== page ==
SEC alleges insider trading ahead of CNOOC-Nexen deal

Sat Jul 28, 2012 5:57am EDT
 
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WASHINGTON (Reuters) - The U.S. securities regulator filed a complaint in court on Friday against a firm controlled by a Chinese billionaire and other traders, accusing them of making over $13 million from insider trading ahead of a bid by China's CNOOC for Canadian oil company Nexen Inc.

The Securities and Exchange Commission said the federal court in Manhattan had frozen assets worth over $38 million belonging to Hong Kong-based Well Advantage, controlled by businessman Zhang Zhirong, and other unnamed traders who used accounts in Hong Kong and Singapore to trade in Nexen stock.

They made trading profits of $7 million and $6 million respectively by using inside knowledge of the merger to buy Nexen shares before the announcement, the SEC says.

The trading was suspicious, the SEC claims in its complaint, because the accounts used to buy the shares had 'either no history or extremely limited history" of buying Nexen shares before July 2012.

CNOOC said on July 23 it had agreed to acquire Nexen for $15.1 billion, China's biggest foreign takeover bid. Shares of Nexen jumped almost 52 percent that day.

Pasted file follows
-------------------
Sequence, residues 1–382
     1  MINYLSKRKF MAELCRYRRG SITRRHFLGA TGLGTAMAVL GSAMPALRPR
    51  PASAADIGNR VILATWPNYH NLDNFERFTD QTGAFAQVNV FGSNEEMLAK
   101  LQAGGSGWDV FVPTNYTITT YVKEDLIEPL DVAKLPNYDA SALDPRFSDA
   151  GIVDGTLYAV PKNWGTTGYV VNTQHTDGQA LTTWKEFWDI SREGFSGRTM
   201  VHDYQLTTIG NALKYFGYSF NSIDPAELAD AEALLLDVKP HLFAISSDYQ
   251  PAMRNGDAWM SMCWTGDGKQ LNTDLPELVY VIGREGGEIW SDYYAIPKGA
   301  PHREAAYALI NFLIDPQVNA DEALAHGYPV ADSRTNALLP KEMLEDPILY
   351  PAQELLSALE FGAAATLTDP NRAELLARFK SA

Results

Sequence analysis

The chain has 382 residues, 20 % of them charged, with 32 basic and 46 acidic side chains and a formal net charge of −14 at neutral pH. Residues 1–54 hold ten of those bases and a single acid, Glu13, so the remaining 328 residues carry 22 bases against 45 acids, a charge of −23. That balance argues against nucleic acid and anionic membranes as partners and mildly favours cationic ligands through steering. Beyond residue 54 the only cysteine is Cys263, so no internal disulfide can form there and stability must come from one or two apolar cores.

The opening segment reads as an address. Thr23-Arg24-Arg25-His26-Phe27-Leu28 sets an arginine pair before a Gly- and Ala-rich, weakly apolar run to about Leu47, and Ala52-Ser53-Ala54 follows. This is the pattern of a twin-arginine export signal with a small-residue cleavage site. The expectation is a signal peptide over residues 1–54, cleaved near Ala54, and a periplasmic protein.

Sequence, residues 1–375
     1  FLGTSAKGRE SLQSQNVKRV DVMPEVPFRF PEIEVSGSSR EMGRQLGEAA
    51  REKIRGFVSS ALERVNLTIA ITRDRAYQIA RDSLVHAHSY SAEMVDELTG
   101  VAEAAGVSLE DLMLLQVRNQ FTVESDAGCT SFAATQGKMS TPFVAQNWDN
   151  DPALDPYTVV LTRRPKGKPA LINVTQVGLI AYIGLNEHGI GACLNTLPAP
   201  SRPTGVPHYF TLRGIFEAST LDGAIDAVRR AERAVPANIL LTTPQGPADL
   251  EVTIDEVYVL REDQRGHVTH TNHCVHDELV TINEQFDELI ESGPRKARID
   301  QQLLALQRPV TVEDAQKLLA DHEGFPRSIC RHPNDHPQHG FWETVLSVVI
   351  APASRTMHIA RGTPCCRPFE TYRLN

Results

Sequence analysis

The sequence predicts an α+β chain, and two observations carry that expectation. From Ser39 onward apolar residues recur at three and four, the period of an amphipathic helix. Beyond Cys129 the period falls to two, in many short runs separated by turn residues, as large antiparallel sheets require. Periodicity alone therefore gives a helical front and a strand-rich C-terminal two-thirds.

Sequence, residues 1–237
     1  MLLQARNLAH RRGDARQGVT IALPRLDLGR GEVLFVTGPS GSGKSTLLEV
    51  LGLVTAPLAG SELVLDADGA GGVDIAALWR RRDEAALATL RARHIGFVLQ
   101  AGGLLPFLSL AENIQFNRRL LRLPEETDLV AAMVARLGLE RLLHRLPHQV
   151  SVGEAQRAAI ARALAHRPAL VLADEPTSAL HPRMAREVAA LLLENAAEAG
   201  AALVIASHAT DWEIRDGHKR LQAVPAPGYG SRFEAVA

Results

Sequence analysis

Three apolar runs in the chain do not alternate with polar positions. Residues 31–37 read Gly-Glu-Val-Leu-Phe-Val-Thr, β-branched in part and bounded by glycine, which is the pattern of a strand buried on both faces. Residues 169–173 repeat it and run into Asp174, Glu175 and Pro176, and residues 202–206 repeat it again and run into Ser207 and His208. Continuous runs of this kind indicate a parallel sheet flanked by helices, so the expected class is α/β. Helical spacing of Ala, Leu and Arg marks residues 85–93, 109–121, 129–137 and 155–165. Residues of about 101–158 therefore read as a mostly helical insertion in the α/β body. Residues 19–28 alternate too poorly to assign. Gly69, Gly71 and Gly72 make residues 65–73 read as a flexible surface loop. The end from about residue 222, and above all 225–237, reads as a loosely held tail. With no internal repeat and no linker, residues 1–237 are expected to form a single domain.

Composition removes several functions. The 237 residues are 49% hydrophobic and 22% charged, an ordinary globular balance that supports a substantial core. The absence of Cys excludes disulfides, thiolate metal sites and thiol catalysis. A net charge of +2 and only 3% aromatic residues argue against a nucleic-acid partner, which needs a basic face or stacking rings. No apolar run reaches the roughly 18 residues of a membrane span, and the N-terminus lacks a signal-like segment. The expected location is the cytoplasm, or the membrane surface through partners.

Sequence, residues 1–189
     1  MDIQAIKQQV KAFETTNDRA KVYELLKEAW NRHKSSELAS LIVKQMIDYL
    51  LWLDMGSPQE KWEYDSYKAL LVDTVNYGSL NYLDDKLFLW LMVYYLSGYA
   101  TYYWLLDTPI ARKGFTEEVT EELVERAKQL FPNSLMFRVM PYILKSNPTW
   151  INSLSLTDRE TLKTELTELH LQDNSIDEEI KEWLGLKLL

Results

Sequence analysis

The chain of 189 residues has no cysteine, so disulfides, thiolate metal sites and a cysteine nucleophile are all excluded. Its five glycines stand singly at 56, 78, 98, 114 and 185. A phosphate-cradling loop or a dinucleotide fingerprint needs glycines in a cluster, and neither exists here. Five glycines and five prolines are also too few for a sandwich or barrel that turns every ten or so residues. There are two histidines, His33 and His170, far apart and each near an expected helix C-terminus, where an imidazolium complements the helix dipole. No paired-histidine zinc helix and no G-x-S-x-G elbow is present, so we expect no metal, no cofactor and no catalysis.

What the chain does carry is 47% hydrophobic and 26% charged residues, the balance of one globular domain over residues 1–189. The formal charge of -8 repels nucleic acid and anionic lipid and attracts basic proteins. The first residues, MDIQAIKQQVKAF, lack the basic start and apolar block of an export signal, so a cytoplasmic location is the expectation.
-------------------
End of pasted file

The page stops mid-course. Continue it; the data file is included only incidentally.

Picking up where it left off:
The unnamed Singapore traders used accounts in the names of Phillip Securities and Citibank, while Well Advantage made its trades through accounts held at UBS Securities and Citigroup Global Markets. Neither of the Well Advantage accounts had traded Nexen shares since January 2012, and the Citigroup account had been completely dormant for over six months.

Zhang Zhirong also controls China Rongsheng Heavy Industries Group Holdings, which according to a company filing in October 2010, entered a strategic cooperation agreement with CNOOC.

A spokeswoman for CNOOC declined to comment. Calls to Well Advantage's office in Hong Kong were not answered on Saturday.

Hong Kong's Securities and Futures Commission also declined comment while officials at the Monetary Authority of Singapore were not immediately available.   Continued...

 
The man stands at the front desk of the headquarters of China National Offshore Oil Corp (CNOOC) in Beijing July 25, 2012. REUTERS/Jason Lee